Frame-Panel Members

The following article is from The Great Soviet Encyclopedia (1979). It might be outdated or ideologically biased.

Frame-Panel Members


structural elements that consist of supporting members of the frame and enclosing structures (walls, ceilings, and roofing) made from panels. Wood, metal, and reinforced-concrete frame-panel members are widely used in modern low- and high-rise construction of residential, public, and industrial buildings. Reinforced-concrete connecting frames that transmit the loads to vertical and horizontal stiffeners are most widely used in multistory buildings, which receive great wind stresses. Frame-panel members with a wood frame consisting of columns, crossbars, and cross stays are used in low-rise construction. The enclosing structures of the members (outer walls and coverings) consist of wood shielding panels with thermal insulation.

Frame-panel members consisting of concrete and reinforced-concrete elements have been most widely used in the USSR in the development of industrial construction. Frame-panel members with steel elements are appropriate mainly for high-rise public buildings (30 stories or more). In residential and public buildings, frame-panel members are planned with or without supports; in industrial buildings with boom loads, they are planned with supports. The outer walls of a building with a complete scheme consist of columns and panels made of light or heavy concrete or sheet materials (asbestos cement, stainless steel, aluminum, or plastics) with a thermal insulator. Such frame-panel members are usually used in multistory buildings (more than nine stories). In low-rise buildings and buildings with supporting outer walls, incomplete frame-panel members are used and the supporting walls are made of single-layer light concrete panels or reinforced-concrete or insulated concrete panels.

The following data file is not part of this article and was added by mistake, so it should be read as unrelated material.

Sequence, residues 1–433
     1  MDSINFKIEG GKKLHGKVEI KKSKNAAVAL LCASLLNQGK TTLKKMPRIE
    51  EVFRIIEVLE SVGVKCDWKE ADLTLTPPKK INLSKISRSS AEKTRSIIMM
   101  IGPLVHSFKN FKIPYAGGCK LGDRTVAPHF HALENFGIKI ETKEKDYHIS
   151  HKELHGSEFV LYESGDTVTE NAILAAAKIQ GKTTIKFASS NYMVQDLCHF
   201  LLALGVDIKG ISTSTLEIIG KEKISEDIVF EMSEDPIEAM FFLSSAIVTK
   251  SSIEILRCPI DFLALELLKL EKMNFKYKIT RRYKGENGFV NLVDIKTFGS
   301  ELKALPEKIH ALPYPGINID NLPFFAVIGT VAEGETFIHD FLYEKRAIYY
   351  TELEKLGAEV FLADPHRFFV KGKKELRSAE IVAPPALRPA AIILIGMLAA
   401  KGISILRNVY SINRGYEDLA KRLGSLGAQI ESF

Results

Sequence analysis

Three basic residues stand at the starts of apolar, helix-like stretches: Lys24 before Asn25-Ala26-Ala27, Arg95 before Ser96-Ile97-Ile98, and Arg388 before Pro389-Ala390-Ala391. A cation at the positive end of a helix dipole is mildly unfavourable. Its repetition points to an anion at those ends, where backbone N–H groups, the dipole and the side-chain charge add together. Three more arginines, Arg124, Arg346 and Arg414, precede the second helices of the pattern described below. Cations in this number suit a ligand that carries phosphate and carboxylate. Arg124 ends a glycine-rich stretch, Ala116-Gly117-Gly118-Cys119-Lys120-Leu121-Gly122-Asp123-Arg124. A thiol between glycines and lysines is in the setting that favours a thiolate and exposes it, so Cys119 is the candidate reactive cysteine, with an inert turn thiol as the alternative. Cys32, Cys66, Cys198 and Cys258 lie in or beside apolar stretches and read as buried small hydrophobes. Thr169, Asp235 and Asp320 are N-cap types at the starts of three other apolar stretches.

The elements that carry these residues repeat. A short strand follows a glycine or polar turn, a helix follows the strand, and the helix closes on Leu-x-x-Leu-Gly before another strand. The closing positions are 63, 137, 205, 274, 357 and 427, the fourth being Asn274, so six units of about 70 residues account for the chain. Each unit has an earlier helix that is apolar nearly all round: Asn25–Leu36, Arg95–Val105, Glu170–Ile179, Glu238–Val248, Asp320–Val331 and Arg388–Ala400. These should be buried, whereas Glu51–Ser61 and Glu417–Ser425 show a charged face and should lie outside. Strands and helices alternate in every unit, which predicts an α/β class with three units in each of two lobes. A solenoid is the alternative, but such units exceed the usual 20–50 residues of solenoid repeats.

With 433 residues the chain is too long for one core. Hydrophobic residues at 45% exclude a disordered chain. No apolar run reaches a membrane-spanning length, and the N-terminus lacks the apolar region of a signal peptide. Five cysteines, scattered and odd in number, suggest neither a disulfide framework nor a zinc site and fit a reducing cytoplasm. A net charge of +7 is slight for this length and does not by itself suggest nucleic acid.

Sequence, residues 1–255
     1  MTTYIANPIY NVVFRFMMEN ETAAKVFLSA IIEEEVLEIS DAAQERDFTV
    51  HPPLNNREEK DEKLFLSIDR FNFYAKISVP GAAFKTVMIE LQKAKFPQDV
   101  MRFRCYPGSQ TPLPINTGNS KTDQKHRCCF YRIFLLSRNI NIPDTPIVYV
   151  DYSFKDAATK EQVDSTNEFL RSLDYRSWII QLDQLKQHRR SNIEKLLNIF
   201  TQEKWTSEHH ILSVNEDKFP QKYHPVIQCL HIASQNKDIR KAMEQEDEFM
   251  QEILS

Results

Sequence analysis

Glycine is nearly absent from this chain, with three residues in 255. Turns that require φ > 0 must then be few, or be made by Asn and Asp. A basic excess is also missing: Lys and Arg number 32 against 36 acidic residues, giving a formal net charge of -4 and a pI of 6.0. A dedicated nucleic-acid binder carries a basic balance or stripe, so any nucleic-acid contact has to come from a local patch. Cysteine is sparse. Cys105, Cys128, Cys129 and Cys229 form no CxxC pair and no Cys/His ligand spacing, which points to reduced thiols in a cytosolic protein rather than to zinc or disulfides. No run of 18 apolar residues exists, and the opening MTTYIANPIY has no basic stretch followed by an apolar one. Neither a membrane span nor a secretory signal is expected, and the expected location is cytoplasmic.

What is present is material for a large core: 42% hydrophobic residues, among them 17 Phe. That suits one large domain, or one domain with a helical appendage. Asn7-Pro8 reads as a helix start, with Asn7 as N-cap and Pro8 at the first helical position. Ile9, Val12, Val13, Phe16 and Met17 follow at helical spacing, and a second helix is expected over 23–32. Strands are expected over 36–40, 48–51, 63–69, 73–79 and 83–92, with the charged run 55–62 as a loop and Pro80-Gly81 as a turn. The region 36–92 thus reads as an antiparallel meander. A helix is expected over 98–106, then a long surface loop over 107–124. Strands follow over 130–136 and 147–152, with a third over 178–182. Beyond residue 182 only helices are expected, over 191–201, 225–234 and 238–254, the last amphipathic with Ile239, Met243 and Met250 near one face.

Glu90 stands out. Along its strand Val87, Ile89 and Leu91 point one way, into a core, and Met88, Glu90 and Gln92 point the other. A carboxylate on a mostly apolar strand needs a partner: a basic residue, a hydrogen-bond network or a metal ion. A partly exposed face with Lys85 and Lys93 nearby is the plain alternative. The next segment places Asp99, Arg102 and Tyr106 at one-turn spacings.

In frame-panel buildings with room-size ceiling panels, the frames may be planned without crossbeams (the beamless plan), with the roofing panels resting directly on the columns. The beamless plan is also used when greater space is required—for example, in public and industrial buildings.

In interlinked frame systems, the vertical stiffeners are located between the columns and are made of reinforced-concrete or concrete panels; in multistory buildings (25– stories), they are made as a cast reinforced-concrete wall. The panels of the stiff-ener are joined to each other vertically and horizontally, as well as with roofing panels or crossbeams located in the plane of the stiffener by welding steel inserts; the seams are sealed with cement mortar. The inserts are also used for attaching the stiffener panels to the columns. The linking structures of the frame elements in junctions and joints are determined on the basis of a calculated plan, with transmission of strains through the inserts or through reinforced concrete by casting the junctions and joints at the construction site; a combination of the two methods is also used.


Kuznetsov, G. F., N. V. Morozov, and T. P. Antipov. Konstruktsii mnogoetazhnykh karkasno-panel’nykh i paneVnykh zhilykh domov. Moscow, 1956. [Album.]
Dykhovichnyi, Iu. A. Konstruirovanie i raschet zhilykh i obshchestven-nykh zdanii povyshennoi etazhnosti. Moscow, 1970.


The Great Soviet Encyclopedia, 3rd Edition (1970-1979). © 2010 The Gale Group, Inc. All rights reserved.
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